Regardless of such holdouts, it’s obvious that artificial nesting sites are vastly more widespread across the landscape than natural sites ever could be. As a result, Barn Swallows are undoubtedly far more numerous now than they were before humans provided them with millions of unintended nesting structures.

It’s hard to appreciate just how numerous Barn Swallows are in summer, when they’re spread out among these omnipresent sites. They become more obvious when they pour southward for the winter—mostly abandoning the North Temperate Zone for the tropics and the southern continents. During the northern winter months, I’ve seen flocks of thousands over marshes in Thailand, over lakes in the Rift Valley of Kenya, and over flooded grasslands in Venezuela. I’ve seen them twittering around coastal towns in Borneo and swooping over herds of zebras in South Africa. Their vast winter range is almost entirely south of their vast breeding range, with very little overlap, so if you’re south of a certain point, you know you’re looking at non-breeding birds.

Or at least, that used to be the case.

One February in the 1980s, I was in Buenos Aires, Argentina, far south of the equator in South America, and saw a couple of Barn Swallows—not surprising, since this is well within their normal wintering range. In conversation with a local birder, I mentioned that I had seen them. “Oh,” he said, “they are nesting here now, you know.”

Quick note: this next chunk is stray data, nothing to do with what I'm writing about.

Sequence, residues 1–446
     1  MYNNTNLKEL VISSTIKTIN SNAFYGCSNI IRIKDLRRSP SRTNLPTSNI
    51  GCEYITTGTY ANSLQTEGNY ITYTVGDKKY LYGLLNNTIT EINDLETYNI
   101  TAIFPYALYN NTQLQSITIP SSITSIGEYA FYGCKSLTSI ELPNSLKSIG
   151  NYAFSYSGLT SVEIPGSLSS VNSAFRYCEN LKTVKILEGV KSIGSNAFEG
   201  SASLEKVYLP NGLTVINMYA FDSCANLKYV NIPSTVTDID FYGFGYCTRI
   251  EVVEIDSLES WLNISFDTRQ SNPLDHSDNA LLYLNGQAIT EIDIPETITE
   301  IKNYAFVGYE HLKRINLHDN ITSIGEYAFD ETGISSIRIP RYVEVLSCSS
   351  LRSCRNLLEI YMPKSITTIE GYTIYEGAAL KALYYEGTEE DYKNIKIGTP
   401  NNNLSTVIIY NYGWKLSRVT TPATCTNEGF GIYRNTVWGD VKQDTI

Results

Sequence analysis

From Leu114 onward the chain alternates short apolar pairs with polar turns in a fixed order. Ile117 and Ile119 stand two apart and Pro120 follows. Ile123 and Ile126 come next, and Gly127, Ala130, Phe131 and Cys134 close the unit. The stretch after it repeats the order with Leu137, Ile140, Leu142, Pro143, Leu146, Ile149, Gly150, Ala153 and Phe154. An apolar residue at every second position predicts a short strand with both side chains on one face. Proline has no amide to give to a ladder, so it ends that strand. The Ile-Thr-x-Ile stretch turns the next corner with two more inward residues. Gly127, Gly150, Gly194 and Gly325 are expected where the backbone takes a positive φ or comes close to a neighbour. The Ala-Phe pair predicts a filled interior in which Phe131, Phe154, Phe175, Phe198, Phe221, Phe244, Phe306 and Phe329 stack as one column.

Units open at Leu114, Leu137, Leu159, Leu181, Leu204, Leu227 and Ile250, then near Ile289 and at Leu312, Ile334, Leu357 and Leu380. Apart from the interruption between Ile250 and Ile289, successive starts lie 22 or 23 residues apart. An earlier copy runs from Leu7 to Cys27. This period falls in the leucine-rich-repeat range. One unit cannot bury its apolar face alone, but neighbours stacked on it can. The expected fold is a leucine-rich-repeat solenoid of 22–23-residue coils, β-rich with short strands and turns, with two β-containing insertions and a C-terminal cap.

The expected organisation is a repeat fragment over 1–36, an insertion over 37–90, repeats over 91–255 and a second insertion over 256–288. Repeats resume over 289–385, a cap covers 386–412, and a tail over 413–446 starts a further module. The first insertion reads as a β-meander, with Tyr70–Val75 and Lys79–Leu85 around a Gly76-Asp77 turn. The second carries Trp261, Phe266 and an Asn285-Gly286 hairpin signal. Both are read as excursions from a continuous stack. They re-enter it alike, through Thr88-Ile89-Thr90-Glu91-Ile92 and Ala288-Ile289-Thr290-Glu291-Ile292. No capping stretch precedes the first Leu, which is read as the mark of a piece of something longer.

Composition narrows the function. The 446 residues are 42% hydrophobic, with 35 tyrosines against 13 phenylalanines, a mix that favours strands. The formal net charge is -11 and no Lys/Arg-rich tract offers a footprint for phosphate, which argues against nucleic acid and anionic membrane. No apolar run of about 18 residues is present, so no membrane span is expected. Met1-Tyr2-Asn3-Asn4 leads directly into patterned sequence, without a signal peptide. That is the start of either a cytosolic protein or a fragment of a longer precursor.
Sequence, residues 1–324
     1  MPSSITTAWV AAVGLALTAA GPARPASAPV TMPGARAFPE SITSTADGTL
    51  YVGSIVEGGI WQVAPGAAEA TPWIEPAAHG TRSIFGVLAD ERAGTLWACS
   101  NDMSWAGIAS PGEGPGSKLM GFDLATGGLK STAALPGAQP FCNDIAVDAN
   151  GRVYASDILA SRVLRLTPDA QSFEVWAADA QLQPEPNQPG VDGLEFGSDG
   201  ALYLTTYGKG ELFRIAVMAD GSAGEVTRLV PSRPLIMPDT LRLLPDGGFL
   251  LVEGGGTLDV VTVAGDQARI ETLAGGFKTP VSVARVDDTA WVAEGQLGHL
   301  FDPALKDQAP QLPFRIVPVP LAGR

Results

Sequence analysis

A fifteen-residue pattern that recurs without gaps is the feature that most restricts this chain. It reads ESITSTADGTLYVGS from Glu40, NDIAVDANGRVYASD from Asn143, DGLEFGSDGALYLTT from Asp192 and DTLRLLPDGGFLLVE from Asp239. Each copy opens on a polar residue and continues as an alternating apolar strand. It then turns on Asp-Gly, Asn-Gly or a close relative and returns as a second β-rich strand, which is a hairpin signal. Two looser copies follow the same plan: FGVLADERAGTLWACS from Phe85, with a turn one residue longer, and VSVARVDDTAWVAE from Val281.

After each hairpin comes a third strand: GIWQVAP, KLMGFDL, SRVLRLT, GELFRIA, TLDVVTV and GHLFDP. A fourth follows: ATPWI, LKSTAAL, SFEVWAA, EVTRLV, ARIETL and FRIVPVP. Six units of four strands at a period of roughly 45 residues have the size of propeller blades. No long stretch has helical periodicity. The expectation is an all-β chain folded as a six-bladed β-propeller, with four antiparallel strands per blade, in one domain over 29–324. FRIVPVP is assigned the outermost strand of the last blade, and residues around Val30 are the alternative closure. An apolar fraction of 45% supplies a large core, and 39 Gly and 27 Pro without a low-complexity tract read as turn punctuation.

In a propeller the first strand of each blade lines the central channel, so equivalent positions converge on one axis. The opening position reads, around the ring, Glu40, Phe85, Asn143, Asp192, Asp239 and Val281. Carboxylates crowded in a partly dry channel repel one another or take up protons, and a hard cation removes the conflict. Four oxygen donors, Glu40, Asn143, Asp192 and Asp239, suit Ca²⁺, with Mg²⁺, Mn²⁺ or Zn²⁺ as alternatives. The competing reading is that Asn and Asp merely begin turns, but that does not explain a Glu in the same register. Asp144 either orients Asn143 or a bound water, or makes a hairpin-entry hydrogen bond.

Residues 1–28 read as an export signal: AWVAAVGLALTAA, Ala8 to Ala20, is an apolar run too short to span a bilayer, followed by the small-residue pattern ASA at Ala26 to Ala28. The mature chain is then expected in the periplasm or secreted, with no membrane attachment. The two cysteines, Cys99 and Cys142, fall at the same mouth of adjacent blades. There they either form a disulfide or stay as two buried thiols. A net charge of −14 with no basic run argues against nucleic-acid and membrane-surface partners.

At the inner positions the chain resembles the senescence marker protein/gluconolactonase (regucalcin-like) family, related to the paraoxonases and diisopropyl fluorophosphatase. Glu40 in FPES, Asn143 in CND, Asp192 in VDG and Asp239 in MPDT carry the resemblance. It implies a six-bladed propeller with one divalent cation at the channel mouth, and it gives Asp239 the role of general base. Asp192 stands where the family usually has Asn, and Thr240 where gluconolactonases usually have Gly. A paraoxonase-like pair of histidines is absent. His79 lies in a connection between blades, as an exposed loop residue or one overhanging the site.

My first reaction was to think: No they’re not! The closest nesting Barn Swallows were in south-central Mexico, more than 4,500 miles from Buenos Aires. Barn Swallows didn’t breed anywhere in the southern hemisphere. Impossible, I thought, and I shrugged it off.

But as I learned later, the man was right. Near the coastal town of Mar Chiquita, south of Buenos Aires, six pairs of Barn Swallows had been found nesting under bridges in January 1980. Local biologists assumed it must be a fluke. But five pairs were found the next winter, and 11 pairs the winter after that.

It was no fluke. The birds continued nesting in these areas and began to spread out, throughout the 1980s and 1990s, establishing more and more nesting sites. By 2015 they had expanded their range to scattered sites hundreds of miles west and south of the original location. The Argentina breeding population now undoubtedly numbers in the thousands.